North Korea is Asia’s most immediate security threat, but confrontation between China and the United States remains the main long-term risk to regional prosperity and stability. Even as prospects for a diplomatic breakthrough with North Korea brighten, dark clouds hover over China-U.S. relations.
In a meeting overlooking Beijing’s Forbidden City, I joined Chinese and U.S. scholars and practitioners last month to reassess growing strategic competition and a looming trade war. Participants on both sides voiced concern that the foundation of the China-U.S. relationship is more fragile than any time since the normalization of relations in 1979.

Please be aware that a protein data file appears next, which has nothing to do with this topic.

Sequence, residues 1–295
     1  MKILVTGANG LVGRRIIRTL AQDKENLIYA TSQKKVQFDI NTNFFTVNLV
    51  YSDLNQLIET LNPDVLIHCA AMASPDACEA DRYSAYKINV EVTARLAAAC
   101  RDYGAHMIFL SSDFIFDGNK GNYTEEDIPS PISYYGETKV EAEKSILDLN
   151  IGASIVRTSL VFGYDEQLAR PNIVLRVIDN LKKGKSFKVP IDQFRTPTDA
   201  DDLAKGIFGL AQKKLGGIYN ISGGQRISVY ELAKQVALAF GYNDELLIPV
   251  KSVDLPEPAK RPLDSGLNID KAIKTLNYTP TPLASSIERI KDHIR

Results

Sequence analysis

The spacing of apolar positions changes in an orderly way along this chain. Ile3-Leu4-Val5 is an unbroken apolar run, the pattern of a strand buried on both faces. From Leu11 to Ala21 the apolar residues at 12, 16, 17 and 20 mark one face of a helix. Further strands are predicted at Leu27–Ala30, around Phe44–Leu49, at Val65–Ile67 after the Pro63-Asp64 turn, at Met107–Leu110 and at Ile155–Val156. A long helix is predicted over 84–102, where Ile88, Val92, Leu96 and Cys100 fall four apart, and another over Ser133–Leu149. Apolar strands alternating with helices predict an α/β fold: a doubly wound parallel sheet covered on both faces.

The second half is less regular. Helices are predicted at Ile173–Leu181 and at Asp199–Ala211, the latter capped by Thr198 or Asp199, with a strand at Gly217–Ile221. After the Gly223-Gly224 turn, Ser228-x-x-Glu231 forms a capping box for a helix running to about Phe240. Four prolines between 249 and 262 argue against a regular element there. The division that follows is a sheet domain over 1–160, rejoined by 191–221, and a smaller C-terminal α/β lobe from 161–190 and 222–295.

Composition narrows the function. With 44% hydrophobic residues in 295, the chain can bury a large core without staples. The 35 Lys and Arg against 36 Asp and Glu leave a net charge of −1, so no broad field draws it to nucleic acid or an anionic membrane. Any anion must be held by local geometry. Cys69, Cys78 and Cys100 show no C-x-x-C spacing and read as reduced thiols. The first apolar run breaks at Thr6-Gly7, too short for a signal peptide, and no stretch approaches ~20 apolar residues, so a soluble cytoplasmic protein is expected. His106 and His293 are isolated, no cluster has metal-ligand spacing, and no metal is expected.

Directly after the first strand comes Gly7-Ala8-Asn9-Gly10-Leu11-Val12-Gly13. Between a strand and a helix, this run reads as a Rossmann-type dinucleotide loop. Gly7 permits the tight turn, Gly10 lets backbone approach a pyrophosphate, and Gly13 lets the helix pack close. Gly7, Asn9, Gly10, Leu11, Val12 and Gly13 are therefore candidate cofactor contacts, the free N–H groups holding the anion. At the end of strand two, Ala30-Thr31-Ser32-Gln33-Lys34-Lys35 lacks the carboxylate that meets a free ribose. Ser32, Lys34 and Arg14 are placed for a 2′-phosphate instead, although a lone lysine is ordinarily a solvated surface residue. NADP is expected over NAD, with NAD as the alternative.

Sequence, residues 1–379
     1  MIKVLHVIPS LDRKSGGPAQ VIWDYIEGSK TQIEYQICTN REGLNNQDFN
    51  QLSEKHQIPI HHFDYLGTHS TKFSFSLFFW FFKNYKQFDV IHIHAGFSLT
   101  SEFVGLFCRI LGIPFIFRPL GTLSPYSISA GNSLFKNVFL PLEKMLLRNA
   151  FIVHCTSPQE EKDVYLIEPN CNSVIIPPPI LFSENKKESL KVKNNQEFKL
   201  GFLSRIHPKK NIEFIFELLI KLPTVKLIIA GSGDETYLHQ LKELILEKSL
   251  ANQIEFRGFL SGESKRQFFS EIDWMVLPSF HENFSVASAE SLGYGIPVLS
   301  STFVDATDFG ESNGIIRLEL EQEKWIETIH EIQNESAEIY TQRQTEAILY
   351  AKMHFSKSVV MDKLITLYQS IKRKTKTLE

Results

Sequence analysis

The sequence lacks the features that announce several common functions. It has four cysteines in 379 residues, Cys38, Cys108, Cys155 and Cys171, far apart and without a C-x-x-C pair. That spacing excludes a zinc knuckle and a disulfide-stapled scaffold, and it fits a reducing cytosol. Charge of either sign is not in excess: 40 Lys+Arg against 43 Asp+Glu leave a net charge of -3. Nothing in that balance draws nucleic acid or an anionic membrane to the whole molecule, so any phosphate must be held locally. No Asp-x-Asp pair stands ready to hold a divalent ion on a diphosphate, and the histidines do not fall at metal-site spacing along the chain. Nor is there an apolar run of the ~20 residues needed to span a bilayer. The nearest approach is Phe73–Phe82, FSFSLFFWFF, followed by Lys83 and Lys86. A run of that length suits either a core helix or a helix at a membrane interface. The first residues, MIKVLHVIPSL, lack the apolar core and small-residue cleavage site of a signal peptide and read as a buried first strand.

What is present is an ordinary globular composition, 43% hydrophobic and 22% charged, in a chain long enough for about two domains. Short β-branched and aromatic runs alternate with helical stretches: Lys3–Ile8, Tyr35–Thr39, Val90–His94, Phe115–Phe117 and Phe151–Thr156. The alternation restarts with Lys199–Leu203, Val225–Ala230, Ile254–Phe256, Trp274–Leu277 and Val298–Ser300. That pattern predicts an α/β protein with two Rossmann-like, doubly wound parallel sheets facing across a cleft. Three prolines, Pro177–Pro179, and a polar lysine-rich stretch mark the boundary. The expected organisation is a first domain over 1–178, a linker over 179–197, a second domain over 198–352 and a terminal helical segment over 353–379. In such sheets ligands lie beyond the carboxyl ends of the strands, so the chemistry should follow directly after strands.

Chinese analysts argue that the United States refuses to accommodate China’s rise, while U.S. observers see China pursuing predatory economic policies and creeping acts of sovereignty. Given sharply different perceptions of each other and the rules for maintaining order, how will China and the United States manage strategic competition in the coming years, under U.S. President Donald Trump and Chinese President Xi Jinping?
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